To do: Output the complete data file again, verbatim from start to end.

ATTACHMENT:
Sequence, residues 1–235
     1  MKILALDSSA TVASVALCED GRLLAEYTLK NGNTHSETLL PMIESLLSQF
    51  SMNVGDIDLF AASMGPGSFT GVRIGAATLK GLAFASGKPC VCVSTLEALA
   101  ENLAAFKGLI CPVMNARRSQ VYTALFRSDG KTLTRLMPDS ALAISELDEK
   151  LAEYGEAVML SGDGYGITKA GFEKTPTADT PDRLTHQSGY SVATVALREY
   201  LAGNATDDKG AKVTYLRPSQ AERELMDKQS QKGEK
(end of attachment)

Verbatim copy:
Sequence, residues 1–235
     1  MKILALDSSA TVASVALCED GRLLAEYTLK NGNTHSETLL PMIESLLSQF
    51  SMNVGDIDLF AASMGPGSFT GVRIGAATLK GLAFASGKPC VCVSTLEALA
   101  ENLAAFKGLI CPVMNARRSQ VYTALFRSDG KTLTRLMPDS ALAISELDEK
   151  LAEYGEAVML SGDGYGITKA GFEKTPTADT PDRLTHQSGY SVATVALREY
   201  LAGNATDDKG AKVTYLRPSQ AERELMDKQS QKGEK